Time is unstoppable. That much is clear in Marc Webb’s second outing with everyone’s favorite wall-crawler. The director opens this film with a close up on the gears of a watch, focusing on time slipping second by second. His use of foreshadowing is blatant, especially if you know a thing or two about a certain famous comic series in the Spider-Man canon. This is not to the film’s detriment, however. Rather it adds a despairing, aching emotional heft to the film which is almost perfectly maintained throughout.
I say almost because for all of its strengths, the film squanders that depth in its final minutes. It stumbles to a close as it submits to a lamentable trend currently pervading blockbuster cinema. A comic book film too often serves as the first multimillion-dollar investment in a sequel’s advertising campaign. This is not necessarily a rule – Christopher Nolan’s The Dark Knight and last month’s Captain America: The Winter Soldier are both bombastic and compelling – but The Amazing Spider-Man 2 ultimately trades a harrowing emotional payoff for a hopeful one. Somewhere, in a more perfect cinematic universe, there exists a version of this film that has been stripped of its sequel-hooking coda.
That coda detracts severely from the overall believability of the story, but this sequel does feature the best wisecracking and webslinging Spidey scenes set to celluloid. Andrew Garfield turns in another committed performance as Peter Parker, and the film is on the whole well acted. But it’s Emma Stone, both in her effervescent chemistry with Garfield and in her own right, who delivers the strongest performance in the film.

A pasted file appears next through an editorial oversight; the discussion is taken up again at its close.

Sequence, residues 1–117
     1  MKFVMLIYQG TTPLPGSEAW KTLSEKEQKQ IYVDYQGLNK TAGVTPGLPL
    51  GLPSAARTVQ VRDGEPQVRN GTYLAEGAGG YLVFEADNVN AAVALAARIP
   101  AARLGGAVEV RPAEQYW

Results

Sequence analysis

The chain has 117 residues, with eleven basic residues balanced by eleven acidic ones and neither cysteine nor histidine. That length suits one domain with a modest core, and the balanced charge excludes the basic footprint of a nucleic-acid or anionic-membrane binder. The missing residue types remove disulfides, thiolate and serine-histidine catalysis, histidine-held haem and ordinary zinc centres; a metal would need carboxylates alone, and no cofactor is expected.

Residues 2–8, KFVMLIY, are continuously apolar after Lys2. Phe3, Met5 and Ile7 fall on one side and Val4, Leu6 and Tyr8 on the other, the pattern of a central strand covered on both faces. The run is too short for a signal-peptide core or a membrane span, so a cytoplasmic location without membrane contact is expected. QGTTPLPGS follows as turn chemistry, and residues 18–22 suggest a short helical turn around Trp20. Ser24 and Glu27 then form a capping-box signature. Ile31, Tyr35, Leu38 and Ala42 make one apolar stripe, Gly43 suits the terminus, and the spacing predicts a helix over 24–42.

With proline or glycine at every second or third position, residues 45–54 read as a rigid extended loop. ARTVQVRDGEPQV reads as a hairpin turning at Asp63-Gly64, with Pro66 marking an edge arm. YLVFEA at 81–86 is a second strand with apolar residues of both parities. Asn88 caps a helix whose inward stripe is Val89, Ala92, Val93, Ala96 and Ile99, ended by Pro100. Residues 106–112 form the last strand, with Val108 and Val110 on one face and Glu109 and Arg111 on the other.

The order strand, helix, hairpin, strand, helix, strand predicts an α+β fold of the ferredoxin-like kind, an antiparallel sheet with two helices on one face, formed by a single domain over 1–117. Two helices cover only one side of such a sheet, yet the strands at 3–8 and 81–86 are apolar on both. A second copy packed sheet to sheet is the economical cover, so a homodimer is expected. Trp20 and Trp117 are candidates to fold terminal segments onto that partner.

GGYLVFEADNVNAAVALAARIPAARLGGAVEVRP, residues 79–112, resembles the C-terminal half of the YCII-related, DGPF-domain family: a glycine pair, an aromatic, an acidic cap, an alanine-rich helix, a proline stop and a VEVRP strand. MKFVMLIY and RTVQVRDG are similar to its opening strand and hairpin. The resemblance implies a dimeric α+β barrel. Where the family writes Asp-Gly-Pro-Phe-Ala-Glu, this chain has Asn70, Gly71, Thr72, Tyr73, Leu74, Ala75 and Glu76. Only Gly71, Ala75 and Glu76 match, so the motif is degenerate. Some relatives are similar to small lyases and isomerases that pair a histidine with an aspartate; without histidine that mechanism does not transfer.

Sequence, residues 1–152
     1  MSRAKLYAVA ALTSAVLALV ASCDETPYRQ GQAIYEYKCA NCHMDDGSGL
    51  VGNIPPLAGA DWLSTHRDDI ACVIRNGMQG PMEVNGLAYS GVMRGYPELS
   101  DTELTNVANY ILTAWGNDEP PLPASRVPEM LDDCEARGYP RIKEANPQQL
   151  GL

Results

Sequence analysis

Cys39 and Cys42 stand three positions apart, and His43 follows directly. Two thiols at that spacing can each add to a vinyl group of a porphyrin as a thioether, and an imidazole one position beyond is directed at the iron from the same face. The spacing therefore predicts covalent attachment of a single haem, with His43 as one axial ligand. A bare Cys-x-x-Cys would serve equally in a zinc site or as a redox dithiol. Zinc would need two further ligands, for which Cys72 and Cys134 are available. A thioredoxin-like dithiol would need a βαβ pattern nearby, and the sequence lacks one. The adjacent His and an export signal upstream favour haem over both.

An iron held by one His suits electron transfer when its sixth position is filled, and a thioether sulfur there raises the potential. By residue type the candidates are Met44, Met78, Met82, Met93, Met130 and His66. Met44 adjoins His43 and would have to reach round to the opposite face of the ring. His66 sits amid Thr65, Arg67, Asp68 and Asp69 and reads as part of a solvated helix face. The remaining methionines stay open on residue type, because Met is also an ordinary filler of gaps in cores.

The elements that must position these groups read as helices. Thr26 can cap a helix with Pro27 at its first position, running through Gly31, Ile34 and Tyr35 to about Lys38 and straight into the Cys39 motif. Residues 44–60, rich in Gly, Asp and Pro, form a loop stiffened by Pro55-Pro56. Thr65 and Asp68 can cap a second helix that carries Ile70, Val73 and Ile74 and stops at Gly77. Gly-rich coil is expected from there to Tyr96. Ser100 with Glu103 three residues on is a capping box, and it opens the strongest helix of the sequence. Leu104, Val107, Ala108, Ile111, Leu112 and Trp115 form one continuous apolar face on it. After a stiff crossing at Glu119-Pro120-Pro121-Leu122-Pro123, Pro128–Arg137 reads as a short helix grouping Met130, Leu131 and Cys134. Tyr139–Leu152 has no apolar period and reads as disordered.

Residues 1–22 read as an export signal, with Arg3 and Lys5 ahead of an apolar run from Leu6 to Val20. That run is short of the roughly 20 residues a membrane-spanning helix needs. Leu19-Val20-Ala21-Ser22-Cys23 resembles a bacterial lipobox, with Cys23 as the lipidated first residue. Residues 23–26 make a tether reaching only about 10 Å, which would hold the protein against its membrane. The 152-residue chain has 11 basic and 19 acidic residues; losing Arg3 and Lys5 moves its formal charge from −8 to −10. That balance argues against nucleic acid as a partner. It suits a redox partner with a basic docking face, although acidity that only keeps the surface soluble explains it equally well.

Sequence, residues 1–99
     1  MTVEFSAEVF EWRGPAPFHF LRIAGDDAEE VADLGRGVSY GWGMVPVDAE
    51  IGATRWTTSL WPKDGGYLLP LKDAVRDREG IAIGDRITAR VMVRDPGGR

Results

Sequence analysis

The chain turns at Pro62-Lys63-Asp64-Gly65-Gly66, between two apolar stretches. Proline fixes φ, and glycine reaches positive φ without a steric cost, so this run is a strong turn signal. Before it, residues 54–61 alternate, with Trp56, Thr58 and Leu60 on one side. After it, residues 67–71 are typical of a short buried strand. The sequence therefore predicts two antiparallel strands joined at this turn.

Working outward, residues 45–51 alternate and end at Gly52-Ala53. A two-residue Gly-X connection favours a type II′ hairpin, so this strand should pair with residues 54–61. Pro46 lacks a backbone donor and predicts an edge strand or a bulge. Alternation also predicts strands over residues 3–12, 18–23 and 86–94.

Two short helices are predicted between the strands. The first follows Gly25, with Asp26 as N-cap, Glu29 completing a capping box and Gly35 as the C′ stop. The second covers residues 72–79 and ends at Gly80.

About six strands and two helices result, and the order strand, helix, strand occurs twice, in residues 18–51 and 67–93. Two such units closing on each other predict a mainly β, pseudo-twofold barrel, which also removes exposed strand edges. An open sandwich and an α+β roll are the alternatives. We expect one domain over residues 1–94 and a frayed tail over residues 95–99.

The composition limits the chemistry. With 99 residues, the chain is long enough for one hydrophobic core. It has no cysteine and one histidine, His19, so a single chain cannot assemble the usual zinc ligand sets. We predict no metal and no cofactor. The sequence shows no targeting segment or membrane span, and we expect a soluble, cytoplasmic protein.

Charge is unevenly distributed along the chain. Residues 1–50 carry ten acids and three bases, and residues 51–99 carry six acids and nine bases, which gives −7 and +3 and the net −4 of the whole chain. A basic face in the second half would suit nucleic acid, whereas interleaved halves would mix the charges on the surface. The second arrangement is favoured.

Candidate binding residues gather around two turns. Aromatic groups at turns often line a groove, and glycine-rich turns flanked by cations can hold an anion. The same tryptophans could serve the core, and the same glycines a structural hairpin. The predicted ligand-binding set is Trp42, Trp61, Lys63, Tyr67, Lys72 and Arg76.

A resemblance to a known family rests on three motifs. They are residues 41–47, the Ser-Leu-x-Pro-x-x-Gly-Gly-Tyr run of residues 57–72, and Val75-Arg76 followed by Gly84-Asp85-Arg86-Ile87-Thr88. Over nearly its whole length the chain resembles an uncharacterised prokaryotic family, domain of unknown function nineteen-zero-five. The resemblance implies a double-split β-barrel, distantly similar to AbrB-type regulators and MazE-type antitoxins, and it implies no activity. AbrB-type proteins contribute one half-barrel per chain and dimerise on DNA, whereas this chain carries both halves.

She brings life to Alex Kurtzman and Roberto Orci’s script, and injects serious pathos into Gwen Stacy’s character arc. The best thing about Gwen, and Stone’s portrayal, is that she is an entirely independent character. All of her actions, and the range of consequences they beget, are a result of her own choices. That’s commendable writing, and through Stone the character impacts the audience deeply. Amid the comic book sound and fury, Emma Stone makes Gwen Stacy ring true on a grounded, human level.
But what about that sound and fury? Hans Zimmer teamed up with the aptly named Magnificent Six (a musical supergroup featuring Pharrell Williams and Johnny Marr) to compose the score, which serves the film pretty well. The motifs made around Peter and Gwen further the best aspect of the film, augmenting an affecting emotional experience with an appropriate sonic touch. These quieter moments are the best onscreen and through the speakers. The intimate moments are flawlessly executed, especially when the tone shifts from thrillingly bright to heartbreakingly bleak.
Louder aspects of the film do trend a bit cartoonish. This is especially true for the handling of Electro’s arc. Jamie Foxx is a good actor, and is convincing as both the meek Max Dillon and the monstrous crackling villain he becomes, but the character itself is overly simple and simply ridiculous. It doesn’t help that Electro’s suite is dubstep-infused, and a more distinct departure from a glossy but otherwise fitting soundtrack. Dane DeHaan’s Harry Osborn is a more realistic character, and, again, well acted, but his rushed transition is just one of many in an overstuffed third act.
Webb bites off too much in his storytelling scope, but the film succeeds with its hopeful spirit and emotional anchors. Never before has Spider-Man been this clearly translated from comic book page to screen, and that accomplishment, combined with the narrative’s human element, saves the film. It is a bit messy, and too sprawling for its own good, but The Amazing Spider-Man 2 is both an escape and an effective reminder that the only thing truly immortal in our world is time itself. Here’s looking forward to a sequel that builds on the successful aspects of this film’s flawed but admirable ambition.
Movie Verdict: Win